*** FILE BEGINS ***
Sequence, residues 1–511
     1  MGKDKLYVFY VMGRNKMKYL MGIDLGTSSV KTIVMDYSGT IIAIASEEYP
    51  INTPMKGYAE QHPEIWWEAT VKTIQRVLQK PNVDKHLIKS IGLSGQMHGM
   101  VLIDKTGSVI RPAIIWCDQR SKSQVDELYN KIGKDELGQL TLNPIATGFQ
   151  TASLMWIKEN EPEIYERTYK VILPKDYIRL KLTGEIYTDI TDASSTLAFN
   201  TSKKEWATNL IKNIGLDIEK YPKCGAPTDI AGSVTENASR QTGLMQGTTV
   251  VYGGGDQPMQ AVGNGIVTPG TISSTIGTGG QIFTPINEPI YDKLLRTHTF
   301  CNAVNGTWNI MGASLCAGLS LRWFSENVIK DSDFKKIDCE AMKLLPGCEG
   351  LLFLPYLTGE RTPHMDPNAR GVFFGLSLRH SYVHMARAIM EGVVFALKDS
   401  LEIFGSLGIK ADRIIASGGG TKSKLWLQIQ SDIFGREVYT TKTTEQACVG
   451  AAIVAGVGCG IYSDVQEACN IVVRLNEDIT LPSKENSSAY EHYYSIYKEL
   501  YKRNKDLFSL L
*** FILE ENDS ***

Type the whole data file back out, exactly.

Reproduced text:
Sequence, residues 1–511
     1  MGKDKLYVFY VMGRNKMKYL MGIDLGTSSV KTIVMDYSGT IIAIASEEYP
    51  INTPMKGYAE QHPEIWWEAT VKTIQRVLQK PNVDKHLIKS IGLSGQMHGM
   101  VLIDKTGSVI RPAIIWCDQR SKSQVDELYN KIGKDELGQL TLNPIATGFQ
   151  TASLMWIKEN EPEIYERTYK VILPKDYIRL KLTGEIYTDI TDASSTLAFN
   201  TSKKEWATNL IKNIGLDIEK YPKCGAPTDI AGSVTENASR QTGLMQGTTV
   251  VYGGGDQPMQ AVGNGIVTPG TISSTIGTGG QIFTPINEPI YDKLLRTHTF
   301  CNAVNGTWNI MGASLCAGLS LRWFSENVIK DSDFKKIDCE AMKLLPGCEG
   351  LLFLPYLTGE RTPHMDPNAR GVFFGLSLRH SYVHMARAIM EGVVFALKDS
   401  LEIFGSLGIK ADRIIASGGG TKSKLWLQIQ SDIFGREVYT TKTTEQACVG
   451  AAIVAGVGCG IYSDVQEACN IVVRLNEDIT LPSKENSSAY EHYYSIYKEL
   501  YKRNKDLFSL L